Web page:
Real Madrid will miss him at the beginning of this season—his groin injury will keep him out early on—but Alonso will surely be a starter in the double pivot for Madrid.
His calm technique in possession is vital to the squad's success, and his keen eye for the long pass can unlock the defense for a counterattack.
Alonso is well into his prime and will help lead Madrid to victory when he returns from his setback.
While Illarramendi is the long-term replacement for Xabi Alonso, I think the two can work together when both are fit.
Operating as a double pivot, Alonso and Illarramendi can dictate play from deep-lying positions, and take turns pushing forward into the attack.
The 23-year-old was fantastic for Real Sociedad last season. His work-rate and composure were driving forces behind Sociedad's push for Champions League football.
His statistics from last season are quite impressive. Illarramendi averaged nearly four tackles and over two interceptions per game while recording a passing rating of 80 percent and completing at least one key pass per match, according to WhoScored.com.
He will provide cover in front of the back four and combine with Alonso to form a formidable midfield pairing.
The German should continue to be the creative influence through the center of the pitch. He transitions from defense to attack and is always looking for the killer pass around the box.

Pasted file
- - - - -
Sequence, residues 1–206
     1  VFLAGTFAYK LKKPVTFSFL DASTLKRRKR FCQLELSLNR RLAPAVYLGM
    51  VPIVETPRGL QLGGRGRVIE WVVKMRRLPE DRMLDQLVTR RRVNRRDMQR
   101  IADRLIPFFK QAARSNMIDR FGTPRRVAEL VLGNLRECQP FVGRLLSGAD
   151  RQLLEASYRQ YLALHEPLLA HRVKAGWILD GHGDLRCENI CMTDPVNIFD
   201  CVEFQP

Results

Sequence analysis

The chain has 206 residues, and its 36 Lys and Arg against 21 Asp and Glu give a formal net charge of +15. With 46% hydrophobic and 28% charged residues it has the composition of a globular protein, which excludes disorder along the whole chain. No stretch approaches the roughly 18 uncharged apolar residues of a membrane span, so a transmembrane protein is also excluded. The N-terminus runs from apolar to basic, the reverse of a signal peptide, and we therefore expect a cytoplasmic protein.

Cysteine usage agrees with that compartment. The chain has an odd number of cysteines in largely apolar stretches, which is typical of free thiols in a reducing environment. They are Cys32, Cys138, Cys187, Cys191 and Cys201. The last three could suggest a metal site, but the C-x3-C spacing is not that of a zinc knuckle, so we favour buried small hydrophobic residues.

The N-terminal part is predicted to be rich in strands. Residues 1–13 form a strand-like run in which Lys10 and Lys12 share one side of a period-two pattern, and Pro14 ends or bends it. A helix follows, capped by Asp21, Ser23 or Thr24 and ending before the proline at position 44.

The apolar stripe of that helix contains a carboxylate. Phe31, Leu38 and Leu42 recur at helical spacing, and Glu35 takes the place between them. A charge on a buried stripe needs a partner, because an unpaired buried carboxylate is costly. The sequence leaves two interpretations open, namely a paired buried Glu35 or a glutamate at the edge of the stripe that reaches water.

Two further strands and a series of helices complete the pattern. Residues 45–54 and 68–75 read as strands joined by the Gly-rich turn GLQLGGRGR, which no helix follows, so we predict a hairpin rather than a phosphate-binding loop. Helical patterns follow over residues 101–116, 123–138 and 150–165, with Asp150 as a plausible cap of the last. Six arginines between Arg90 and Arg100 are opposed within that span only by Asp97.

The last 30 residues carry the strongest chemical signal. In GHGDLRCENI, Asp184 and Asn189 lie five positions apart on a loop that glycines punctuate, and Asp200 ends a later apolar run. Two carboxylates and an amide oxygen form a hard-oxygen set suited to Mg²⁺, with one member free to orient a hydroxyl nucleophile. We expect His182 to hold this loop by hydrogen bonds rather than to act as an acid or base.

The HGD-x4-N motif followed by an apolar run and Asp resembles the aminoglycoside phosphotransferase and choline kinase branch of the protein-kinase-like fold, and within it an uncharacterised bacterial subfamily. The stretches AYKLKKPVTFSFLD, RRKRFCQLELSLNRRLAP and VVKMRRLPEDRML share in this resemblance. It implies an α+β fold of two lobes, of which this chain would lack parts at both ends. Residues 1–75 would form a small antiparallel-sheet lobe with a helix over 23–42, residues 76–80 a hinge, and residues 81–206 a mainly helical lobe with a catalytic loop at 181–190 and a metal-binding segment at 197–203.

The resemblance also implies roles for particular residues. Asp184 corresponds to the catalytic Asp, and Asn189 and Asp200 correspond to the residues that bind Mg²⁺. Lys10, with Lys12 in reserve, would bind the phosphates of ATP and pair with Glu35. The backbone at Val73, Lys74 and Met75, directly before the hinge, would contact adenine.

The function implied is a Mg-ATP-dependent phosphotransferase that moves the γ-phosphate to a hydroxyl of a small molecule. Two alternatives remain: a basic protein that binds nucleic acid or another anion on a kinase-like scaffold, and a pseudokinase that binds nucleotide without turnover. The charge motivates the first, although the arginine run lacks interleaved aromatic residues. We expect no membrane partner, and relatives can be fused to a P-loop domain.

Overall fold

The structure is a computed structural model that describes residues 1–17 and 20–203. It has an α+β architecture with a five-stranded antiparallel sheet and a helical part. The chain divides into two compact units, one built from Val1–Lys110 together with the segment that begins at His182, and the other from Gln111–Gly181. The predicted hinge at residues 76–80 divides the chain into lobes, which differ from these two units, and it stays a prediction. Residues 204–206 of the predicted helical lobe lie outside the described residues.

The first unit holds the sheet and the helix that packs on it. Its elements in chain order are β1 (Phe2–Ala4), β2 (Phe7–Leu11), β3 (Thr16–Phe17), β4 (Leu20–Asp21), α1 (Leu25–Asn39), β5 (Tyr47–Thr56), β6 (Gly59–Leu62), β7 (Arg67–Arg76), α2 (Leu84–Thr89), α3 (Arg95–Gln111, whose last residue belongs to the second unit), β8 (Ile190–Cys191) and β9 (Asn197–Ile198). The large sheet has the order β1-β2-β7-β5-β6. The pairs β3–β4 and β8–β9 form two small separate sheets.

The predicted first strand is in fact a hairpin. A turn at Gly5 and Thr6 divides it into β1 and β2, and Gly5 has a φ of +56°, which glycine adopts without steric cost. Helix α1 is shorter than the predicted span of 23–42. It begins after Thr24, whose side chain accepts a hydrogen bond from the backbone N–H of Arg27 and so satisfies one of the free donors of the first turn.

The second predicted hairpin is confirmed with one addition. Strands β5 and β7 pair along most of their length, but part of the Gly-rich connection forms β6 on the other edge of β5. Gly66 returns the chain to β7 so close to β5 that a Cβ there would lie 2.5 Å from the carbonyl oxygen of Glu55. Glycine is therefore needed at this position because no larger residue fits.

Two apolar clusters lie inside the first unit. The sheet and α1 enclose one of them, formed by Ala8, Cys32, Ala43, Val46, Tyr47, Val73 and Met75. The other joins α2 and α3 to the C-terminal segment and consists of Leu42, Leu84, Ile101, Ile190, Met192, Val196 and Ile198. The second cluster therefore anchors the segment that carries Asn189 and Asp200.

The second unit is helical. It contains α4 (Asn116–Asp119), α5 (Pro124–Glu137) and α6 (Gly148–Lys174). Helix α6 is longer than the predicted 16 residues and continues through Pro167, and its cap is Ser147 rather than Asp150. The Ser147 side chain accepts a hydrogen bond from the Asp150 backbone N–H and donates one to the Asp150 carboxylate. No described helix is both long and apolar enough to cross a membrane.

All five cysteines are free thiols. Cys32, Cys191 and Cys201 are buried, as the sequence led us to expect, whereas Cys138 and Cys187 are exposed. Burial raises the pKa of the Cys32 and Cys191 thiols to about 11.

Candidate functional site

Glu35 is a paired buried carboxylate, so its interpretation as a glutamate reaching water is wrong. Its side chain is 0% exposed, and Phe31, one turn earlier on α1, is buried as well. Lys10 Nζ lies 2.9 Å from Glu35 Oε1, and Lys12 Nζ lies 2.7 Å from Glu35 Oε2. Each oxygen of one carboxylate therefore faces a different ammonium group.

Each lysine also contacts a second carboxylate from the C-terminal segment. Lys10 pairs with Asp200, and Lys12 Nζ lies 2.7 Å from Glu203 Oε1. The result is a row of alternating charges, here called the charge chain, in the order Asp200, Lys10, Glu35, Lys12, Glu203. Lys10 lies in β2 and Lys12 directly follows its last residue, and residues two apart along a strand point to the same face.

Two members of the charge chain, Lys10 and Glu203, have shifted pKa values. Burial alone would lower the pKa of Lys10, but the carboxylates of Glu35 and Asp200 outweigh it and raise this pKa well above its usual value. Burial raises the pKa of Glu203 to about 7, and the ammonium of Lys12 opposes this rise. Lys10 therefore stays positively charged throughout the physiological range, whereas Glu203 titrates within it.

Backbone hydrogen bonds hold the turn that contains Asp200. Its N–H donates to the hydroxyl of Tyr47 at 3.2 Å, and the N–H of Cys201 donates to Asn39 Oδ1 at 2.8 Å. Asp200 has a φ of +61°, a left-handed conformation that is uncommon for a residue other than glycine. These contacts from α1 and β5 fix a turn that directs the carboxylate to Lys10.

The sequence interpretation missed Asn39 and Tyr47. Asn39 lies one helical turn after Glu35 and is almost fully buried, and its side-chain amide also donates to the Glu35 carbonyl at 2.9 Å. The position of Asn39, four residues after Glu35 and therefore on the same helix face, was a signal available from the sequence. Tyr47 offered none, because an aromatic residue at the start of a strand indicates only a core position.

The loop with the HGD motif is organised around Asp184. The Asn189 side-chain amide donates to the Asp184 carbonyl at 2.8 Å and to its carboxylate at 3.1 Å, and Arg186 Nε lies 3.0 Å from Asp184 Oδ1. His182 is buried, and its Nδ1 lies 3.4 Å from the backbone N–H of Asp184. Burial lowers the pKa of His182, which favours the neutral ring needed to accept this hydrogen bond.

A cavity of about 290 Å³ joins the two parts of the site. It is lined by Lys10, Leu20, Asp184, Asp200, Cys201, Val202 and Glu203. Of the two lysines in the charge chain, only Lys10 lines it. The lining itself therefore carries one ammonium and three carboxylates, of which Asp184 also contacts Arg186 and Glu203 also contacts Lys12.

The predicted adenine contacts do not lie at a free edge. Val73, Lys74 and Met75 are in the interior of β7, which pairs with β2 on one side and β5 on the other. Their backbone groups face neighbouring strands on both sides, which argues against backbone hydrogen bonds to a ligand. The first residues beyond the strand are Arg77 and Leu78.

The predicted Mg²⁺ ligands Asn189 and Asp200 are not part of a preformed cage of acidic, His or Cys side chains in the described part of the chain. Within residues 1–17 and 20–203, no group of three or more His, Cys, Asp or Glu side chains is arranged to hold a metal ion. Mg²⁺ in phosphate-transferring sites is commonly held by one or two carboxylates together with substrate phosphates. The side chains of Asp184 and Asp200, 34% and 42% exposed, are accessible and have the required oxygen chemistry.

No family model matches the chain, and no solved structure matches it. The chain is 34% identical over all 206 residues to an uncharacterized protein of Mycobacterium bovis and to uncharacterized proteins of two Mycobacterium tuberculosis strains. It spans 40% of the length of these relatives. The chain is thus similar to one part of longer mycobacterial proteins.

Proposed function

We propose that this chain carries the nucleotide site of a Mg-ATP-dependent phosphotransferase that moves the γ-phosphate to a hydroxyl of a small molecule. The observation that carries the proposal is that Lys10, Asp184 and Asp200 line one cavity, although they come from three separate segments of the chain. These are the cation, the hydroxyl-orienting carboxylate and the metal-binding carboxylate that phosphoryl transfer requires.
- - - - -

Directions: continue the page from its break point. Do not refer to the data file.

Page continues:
Ozil's chemistry with Karim Benzema and Ronaldo contributes heavily to goals, and at just 24 years of age he is still heading into his prime. His passing rate of over 84 percent reflects how smart the German is on the ball, via WhoScored.com.
With nine goals and 13 assists in La Liga, Ozil is a key man in the middle for Madrid.
After yet another summer of transfer speculation, it looks as if Ronaldo will be staying at Madrid for the time being.
That should be music to the ears of Madridistas. Ronaldo is simply one of the best goal-scorers the game has ever seen. Last season, he scored 34 league goals and added 12 in the Champions League.
Ronaldo is critical to Madrid's counterattacking style, and his searing pace makes him a nightmare for defenders. I think it's safe to say Ronaldo will be a feature in the side as long as he wants to be there.
The new signing is a versatile attacking threat, but he could well find a home on the right wing. He will have fierce competition from Angel Di Maria, but his short bursts of speed and clever technique might just push him over the edge.
With nine goals and an assist in La Liga last season, Isco is talented going forward. His passing rate of nearly 85 percent indicates that despite his ability to run at players, he rarely loses possession, via WhoScored.com.
Di Maria will not give up his spot easily, but Isco's talent might be enough to give him the starting role.
After splitting time with Gonzalo Higuain for years, it finally looks as if Benzema has made the starting role his own. Over the past two seasons he has really come into form and has the pace to spearhead the attack.
Benzema appeared 30 times in league play, recording 11 goals and 11 assists. He is a good finisher but can also provide support when Ronaldo and others surge forward.
This flexibility—both a goal scorer and a playmaker—makes him an important aspect of the Madrid's offense. Unless Madrid complete a move for a big-name striker, it will be Benzema leading the line next season.